JPEG (Joint Photographic Experts Group) is a standard for still image compression. The JPEG committee has developed standards for the lossy, lossless, and nearly lossless compression of still images, and the compression of continuous-tone, still-frame, monochrome, and color images. The JPEG standard provides three main compression techniques from which applications can select elements satisfying their requirements. The three main compression techniques are (i) Baseline system, (ii) Extended system and (iii) Lossless mode technique. The Baseline system is a simple and efficient Discrete Cosine Transform (DCT)-based algorithm with Huffman coding restricted to 8 bits/pixel inputs in sequential mode. The Extended system enhances the baseline system to satisfy broader application with 12 bits/pixel inputs in hierarchical and progressive mode and the Lossless mode is based on predictive coding, DPCM (Differential Pulse Coded Modulation), independent of DCT with either Huffman or arithmetic coding.
2. JPEG Compression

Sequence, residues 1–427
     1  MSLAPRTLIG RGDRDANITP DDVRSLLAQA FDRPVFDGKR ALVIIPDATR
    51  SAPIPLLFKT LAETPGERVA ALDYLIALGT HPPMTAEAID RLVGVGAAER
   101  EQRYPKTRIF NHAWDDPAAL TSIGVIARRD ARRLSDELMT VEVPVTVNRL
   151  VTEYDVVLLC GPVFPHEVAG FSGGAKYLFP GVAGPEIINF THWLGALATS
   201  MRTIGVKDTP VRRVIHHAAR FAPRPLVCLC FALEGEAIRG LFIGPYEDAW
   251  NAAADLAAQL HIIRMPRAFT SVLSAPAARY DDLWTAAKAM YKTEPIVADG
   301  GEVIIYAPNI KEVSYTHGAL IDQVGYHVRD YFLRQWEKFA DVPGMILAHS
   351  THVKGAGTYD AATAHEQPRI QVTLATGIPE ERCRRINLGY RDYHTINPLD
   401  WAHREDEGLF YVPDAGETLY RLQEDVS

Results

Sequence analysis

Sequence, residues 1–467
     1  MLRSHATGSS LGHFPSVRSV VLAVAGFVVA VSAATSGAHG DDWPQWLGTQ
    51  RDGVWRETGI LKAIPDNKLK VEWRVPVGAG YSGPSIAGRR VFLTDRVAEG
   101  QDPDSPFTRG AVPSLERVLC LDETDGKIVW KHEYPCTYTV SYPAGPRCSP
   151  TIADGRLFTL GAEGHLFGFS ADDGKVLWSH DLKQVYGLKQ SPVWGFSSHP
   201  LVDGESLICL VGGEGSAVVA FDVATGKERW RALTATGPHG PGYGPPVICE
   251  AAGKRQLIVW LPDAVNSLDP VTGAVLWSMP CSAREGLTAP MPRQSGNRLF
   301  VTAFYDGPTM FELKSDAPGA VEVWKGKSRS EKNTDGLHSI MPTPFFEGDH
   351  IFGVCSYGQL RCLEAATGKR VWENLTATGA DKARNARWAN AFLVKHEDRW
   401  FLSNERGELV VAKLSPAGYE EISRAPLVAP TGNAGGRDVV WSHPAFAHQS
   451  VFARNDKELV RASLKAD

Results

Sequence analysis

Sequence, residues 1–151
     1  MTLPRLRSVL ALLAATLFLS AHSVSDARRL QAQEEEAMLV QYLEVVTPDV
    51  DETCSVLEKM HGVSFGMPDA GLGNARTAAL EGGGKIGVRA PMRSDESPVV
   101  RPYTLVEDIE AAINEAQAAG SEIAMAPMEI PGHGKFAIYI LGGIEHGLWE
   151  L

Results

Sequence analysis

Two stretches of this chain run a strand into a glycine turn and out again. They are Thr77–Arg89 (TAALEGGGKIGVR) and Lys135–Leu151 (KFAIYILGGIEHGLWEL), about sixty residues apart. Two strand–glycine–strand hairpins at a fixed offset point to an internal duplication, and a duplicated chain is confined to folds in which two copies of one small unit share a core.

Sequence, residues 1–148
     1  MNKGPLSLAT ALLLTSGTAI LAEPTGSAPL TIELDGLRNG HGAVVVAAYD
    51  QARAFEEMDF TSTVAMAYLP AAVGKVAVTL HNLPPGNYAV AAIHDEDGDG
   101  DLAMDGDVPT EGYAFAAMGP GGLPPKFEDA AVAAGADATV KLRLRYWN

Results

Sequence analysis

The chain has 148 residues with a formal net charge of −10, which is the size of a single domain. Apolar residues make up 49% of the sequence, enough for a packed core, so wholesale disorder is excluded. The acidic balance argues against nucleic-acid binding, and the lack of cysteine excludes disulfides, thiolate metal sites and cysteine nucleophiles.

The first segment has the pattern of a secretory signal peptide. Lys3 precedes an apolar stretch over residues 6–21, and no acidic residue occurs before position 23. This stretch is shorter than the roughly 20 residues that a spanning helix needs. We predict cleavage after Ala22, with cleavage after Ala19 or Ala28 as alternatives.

An example of JPEG encoder block diagram may be found at Compressed Image File Formats: JPEG, PNG, GIF, XBM, BMP (ACM Press) by John Miano, more complete technical description may be found ISO/IEC International Standard 10918-1 (see World Wide Web at jpeg.org/jpeg/). An original picture, such as a video frame image is partitioned into 8×8 pixel blocks, each of which is independently transformed using DCT. DCT is a transform function from spatial domain to frequency domain. The DCT transform is used in various lossy compression techniques such as MPEG-1, MPEG-2, MPEG-4 and JPEG The DCT transform is used to analyze the frequency component in an image and discard frequencies which human eyes do not usually perceive. A more complete explanation of DCT may be found at “Discrete-Time Signal Processing” (Prentice Hall, 2nd edition, February 1999) by Alan V. Oppenheim, Ronald W. Schafer, John R. Buck. All the transform coefficients are uniformly quantized with a user-defined quantization table (also called a q-table or normalization matrix). The quality and compression ratio of an encoded image can be varied by changing elements in the quantization table. Commonly, the DC coefficient in the top-left of a 2-D DCT array is proportional to the average brightness of the spatial block and is variable-length coded from the difference between the quantized DC coefficient of the current block and that of the previous block. The AC coefficients are rearranged to a 1-D vector through zig-zag scan and encoded with run-length encoding. Finally, the compressed image is entropy coded, such as by using Huffman coding. The Huffman coding is a variable-length coding based on the frequency of a character. The most frequent characters are coded with fewer bits and rare characters are coded with many bits. A more detailed explanation of Huffman coding may be found at “Introduction to Data Compression” (Morgan Kaufmann, Second Edition, February, 2000) by Khalid Sayood.